Should we build the Severn Barrage? – Surely a no brainer!

[Update: this project has been refined and the Swansea Tidal Lagoon has now been given the go-ahead. Read more here.]

Some disappointing news today, after it emerged that a Governmental Select Committee rejected the plans for a £25bn barrage on the Severn Estuary.

The Energy Issue Facing the UK

In the UK, we have an impending energy crisis, with much of our electricity generating capacity due to go off line within the next 5-10 years (mainly coal and nuclear). Unfortunately demand is not going to drop off in the same way, in fact, despite increased energy efficiency via schemes like the Green Deal, new energy efficient appliances and even more efficient modes of transport, demand is expected to rise ever so slightly over the coming years.

The result not enough power to meet demand.

How the Severn Barrage could help

The Severn barrage would take advantage of the tidal stream on the River Severn to produce 5% of our energy requirements. That is not just 5% of our renewable requirements – that is 5% of our total energy requirements (equivalent to 3 or 4 nuclear reactors). That is an enormous contribution to our energy cause, but that is not the best part.

Since we are running out of North Sea gas at a rate of knots and shale gas is going to produce a fraction of the gas requirements that our Government would lead you to believe, it appears that importing fuel to power our country will be the only way to keep the lights on.

Unfortunately, in this position we are very much bent over a barrel, since we will become so reliant on these imports we will have to pay whatever the exporters deem necessary.

If we were to go ahead and build the Severn Barrage, then we would be producing from just one structure, fuel free, dependable electricity. Unlike other renewables that are intermittent (like solar only producing power when the sun is out), tidal is different. The tides are very predictable – they can be predicted many years into the future and Hafren Power have estimated that this particular barrage would be able to produce power for an average 15.25 hours per day and its lifespan would be 120 years or more, therefore it would be ideal to supply baseline power to the grid.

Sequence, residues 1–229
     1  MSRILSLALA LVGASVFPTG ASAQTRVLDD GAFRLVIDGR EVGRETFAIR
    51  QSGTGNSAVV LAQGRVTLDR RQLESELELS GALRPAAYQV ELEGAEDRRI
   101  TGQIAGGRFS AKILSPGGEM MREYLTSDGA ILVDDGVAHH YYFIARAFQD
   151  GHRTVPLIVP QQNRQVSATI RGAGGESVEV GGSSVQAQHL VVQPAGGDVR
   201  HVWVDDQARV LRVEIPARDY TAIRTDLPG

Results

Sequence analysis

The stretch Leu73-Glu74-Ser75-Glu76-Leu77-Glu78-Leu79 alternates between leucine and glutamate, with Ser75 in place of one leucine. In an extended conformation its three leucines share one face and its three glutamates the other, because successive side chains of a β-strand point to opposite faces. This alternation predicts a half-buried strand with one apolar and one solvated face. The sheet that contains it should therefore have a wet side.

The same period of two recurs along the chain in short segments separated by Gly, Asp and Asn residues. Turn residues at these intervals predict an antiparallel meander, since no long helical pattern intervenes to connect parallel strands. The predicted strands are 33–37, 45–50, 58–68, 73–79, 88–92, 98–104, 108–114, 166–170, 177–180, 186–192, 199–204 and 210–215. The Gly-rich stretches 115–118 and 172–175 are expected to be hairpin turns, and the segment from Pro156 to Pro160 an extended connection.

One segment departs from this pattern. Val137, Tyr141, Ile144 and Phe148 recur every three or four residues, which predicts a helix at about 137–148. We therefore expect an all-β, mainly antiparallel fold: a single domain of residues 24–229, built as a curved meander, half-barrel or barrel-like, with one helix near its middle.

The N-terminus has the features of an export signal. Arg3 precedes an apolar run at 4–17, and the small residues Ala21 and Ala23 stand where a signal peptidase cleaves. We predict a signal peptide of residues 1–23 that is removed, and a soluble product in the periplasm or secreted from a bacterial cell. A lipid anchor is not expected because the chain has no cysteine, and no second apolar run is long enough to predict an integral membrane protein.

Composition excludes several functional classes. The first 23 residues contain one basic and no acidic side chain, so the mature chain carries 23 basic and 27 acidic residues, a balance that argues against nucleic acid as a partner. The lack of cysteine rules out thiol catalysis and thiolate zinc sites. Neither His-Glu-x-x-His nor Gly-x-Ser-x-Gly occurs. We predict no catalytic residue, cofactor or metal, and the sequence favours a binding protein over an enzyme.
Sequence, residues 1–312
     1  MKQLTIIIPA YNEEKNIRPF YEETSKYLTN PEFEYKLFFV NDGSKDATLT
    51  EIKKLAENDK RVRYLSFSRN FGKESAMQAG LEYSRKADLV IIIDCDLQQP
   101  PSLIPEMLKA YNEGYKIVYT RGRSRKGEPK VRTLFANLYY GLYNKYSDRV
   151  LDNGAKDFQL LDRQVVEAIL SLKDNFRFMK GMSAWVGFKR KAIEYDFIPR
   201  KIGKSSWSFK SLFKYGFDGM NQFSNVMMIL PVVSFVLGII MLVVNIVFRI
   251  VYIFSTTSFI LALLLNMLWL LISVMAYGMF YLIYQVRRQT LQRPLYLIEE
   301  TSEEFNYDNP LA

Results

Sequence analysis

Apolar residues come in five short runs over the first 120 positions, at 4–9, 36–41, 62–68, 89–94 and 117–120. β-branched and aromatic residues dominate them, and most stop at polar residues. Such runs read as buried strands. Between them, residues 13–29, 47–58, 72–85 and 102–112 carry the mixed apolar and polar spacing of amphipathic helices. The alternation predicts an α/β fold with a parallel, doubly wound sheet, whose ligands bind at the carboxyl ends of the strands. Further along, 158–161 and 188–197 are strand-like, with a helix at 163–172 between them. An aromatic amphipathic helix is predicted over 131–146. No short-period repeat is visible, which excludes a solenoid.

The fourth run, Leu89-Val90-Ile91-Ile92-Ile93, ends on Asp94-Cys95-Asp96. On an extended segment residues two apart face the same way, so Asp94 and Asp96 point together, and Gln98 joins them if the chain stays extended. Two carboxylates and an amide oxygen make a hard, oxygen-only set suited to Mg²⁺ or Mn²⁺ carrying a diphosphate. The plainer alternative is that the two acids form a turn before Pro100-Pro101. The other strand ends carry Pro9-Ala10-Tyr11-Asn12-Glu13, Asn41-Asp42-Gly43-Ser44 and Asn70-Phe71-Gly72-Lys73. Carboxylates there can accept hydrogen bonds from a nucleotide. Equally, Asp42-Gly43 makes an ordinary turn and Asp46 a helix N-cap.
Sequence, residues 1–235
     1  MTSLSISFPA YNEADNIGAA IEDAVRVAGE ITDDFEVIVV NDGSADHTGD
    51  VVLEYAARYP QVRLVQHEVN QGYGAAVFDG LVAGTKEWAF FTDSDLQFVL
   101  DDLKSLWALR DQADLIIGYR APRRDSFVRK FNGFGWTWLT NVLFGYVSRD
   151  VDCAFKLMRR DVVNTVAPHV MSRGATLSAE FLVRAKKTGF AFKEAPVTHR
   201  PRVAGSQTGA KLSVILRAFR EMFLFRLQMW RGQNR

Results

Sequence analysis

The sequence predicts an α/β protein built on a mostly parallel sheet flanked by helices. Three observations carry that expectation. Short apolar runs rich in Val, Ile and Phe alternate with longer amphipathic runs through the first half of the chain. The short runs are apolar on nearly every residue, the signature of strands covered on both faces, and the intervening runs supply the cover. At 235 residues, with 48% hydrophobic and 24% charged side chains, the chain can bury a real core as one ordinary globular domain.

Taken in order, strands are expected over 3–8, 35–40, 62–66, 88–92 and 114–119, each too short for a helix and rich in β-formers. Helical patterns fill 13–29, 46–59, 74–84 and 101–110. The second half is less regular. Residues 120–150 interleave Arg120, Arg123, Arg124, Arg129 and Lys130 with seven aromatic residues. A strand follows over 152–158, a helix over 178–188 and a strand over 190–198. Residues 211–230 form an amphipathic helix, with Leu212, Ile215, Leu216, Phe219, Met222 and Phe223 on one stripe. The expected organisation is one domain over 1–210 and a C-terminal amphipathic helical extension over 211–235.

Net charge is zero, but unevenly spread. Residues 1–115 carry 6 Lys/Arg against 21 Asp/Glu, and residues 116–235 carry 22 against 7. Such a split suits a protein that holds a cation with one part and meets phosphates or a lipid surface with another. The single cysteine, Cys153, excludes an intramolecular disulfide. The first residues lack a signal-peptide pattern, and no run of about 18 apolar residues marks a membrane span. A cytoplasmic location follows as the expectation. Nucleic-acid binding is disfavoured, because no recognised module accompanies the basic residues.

Of course there are environmental things to consider here, birds will need to find new feeding grounds and the designs need to incorporate ways to allow fish to move freely up and down the river still, but the potential to produce all this power must surely be realised.

This doesn’t even consider the number of jobs this has the potential to create – this would be the biggest construction project since the Eurotunnel adding an estimated 20,000 UK jobs. The funding for the barrage will also come from private investors and Sovereign wealth funds, meaning that their will be no additional hit to our public finances.

A boost to the economy, less reliance on importing fuel to power us and a predictable renewable energy source, flying in the face of all those anti-renewable folk who hate seeing a wind turbine not spinning…

So I for one, am incredibly hopeful that in the near future Hafren Power get the go ahead to build the power plant. We have too much to gain from this barrage for it to be consigned to the scrapheap.